Is It Necessary to Cut Trade Deficit and Achieve Trade Balance?

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While the Trump Administration is seeking to reduce the U.S. trade deficit and achieve a more “balanced trade” with its trading partners, a newly-released World Economic Forum (WEC) paper questions the necessity and economic rationale of doing so. As argued by the paper:

First, a country’s trade balance is NOT a measurement of its international commercial success. Neither is the case that “imports are bad and exports are good. “Instead, the paper says that “it is more accurate to think of imports as the benefits of trade, and exports as the cost that needs to be paid to obtain these benefits.”

Second, it is a misconception that “trade deficits cause a reduction in employment and production and trade surplus increase them.” Rather, imports could  increase because of an increase in domestic income thereby increasing the aggregate demand. Empirical studies also overwhelmingly find that rapid economic growth and larger trade deficit are associated with faster employment growth in the United States in history (see the graphs above).

Third, as the supply chain goes global, a tax on imported inputs can reduce rather than promote a country’s exports, particularly manufacturing goods (for example high tariffs on imported fabrics will reduce the price competitiveness of clothing exports). Likewise, trade barriers could disrupt production and reduce domestic employment in both the “protected” industries and those downstream sectors that use their outputs.  

Fourth, primarily trade balance is a function of a country’s national saving and investments, not of trade policies. In other words, trade policies, such as higher tariffs and quantitative restrictions, will have no impact on a country’s trade balance. Interesting enough, countries like Singapore which maintain fairly low trade barriers, run a trade surplus equal to as high as 20% of its GDP. In comparison, India was one of the most highly protected economies in the early 1990s when it experienced unsustainable large trade deficits. Further, there is a dynamic balance between a country’s trade balance and exchange rate: in an open economy, reducing a country’s imports could lead to an appreciation of its currency and eventually hurt its exports as well.     

What is your view on the trade deficit and trade balance? Why do you agree or disagree with the arguments of the WEC paper? Do you find any evidence that challenges the findings of the paper? Please feel free to leave your comments.

Tariff Remains a Critical Trade Barrier for the Textile and Apparel Sector (Updated December 2017)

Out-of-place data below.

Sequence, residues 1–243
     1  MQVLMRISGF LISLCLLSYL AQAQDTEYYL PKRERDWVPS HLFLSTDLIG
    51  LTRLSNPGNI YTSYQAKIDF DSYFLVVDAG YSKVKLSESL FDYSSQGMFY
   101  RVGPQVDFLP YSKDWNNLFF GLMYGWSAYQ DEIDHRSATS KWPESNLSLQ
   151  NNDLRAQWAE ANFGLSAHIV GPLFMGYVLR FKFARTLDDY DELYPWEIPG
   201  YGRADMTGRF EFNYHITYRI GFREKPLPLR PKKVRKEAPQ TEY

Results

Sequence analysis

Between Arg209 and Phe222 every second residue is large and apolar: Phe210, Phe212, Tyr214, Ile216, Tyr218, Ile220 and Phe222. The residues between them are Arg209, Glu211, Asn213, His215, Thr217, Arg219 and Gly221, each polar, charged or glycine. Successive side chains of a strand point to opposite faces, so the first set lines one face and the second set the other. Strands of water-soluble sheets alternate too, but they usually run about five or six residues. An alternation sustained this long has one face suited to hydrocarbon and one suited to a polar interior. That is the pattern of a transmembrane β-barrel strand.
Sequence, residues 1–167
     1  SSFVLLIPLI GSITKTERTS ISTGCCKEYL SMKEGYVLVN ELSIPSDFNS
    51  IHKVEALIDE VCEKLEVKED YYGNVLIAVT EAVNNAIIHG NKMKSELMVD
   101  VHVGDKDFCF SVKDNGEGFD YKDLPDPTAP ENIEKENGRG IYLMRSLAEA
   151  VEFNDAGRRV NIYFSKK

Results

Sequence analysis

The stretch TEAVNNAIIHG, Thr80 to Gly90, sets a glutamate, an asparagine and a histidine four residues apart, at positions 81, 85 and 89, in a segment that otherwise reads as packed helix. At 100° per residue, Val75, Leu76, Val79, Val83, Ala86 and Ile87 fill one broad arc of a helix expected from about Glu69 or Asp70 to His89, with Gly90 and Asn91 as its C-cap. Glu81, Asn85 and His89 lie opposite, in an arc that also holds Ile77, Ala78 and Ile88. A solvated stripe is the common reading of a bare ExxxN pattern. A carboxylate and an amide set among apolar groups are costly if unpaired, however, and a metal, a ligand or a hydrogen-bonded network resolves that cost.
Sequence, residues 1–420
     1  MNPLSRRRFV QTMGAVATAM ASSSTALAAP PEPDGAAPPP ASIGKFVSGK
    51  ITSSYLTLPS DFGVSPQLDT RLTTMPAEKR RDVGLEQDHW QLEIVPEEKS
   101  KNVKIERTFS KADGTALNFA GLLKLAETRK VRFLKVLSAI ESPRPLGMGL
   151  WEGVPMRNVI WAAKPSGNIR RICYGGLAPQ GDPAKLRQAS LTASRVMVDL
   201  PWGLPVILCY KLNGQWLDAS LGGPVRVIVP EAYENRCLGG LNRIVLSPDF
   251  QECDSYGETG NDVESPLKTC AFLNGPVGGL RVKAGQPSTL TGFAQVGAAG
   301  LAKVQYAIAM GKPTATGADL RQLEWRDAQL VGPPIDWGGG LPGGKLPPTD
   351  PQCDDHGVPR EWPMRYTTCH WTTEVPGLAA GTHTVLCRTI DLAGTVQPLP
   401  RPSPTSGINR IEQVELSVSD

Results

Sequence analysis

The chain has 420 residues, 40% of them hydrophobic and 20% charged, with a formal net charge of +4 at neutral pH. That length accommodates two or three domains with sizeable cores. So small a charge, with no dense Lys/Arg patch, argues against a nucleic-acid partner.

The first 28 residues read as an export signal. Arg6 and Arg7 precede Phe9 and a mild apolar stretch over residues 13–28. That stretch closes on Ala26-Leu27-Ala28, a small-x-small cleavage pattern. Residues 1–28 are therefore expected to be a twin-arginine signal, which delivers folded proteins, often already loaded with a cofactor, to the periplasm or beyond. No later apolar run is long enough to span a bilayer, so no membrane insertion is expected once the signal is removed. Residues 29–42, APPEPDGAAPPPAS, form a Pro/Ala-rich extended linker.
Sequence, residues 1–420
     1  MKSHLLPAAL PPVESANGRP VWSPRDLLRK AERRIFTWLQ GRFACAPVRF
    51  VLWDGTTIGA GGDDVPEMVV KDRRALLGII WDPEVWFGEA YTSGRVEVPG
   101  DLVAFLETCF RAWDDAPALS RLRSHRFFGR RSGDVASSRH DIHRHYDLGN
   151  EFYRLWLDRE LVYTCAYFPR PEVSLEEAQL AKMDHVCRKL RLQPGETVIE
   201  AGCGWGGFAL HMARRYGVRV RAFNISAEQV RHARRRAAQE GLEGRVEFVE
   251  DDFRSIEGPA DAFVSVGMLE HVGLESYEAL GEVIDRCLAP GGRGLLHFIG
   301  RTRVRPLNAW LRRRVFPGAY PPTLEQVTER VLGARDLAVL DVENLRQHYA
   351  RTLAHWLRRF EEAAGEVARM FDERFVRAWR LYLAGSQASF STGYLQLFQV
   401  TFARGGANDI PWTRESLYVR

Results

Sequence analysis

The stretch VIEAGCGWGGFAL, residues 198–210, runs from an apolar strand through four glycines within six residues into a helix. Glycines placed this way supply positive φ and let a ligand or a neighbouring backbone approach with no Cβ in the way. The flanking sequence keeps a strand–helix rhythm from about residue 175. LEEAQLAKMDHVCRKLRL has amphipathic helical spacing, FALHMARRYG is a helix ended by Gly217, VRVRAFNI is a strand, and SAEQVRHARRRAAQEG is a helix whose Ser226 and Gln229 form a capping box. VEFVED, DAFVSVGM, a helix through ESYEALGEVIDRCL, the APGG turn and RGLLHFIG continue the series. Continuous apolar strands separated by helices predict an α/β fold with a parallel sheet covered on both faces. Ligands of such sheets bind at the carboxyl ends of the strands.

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According to latest statistics from the World Trade Organization (WTO), in 2016, the average applied tariff rate remained at 10.5% for textiles and 17.5% for apparel worldwide. Compared with the average tariff rate for all sectors, the tariff rate for textile and apparel is 1.4 percentage points and 8.4 percentage points higher respectively. The result suggests that while tariff may no longer be a critical trade barrier for some sectors, it still significantly matters for the textile and apparel industry.

Least developed countries (LDC) overall set a higher tariff rate for textiles and apparel than other more advanced economies. For many poorest countries in the world, tariff remains the single largest source of tax revenue for the local government. However, it is also true that should these LDCs lower their tariff rate for textile inputs such as yarns and fabrics, it may help apparel manufacturers in these countries lower production cost and improve the price competitiveness of their finished apparel products in the world marketplace.

At the country level, countries with the highest tariff rate for textiles include Bahamas (37.1%), Ethiopia (28.0%), Uzbekistan (24.5%), Algeria (24.0%), Argentina (23.3%), and Brazil (23.3%). Whereas countries with the highest tariff rate for apparel include South Africa (41.0%), Namibia (41.0%), Swaziland (41.0%), Botswana (41.0%), Lesotho (41.0%), Bolivia (40.0%), Egypt (38.4%), Argentina (35.0%), Ethiopia (35.0%) and Brazil (35.0%).

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Data also shows that the import tariff rates of the US, EU(28) and Japan, the top three largest textile and apparel importers in the world, stay unchanged over the past three years.

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Additionally, there seems to be a positive relationship between a country’s import tariff rate for new clothing (HS 61 & 62) and used clothing (HS 6309). Of the total 180 countries covered by the International Trade Center (ITC) database, about 62.7% set an equal or higher tariff rate for new clothing than used clothing. Some African nations place a particularly high tariff rate for used clothing, including Zimbabwe (167%), South Africa (149%), Rwanda (117%), Namibia (80%), Tanzania (56%), and Uganda (41%).

Detailed tariff rates in Excel can be downloaded from HERE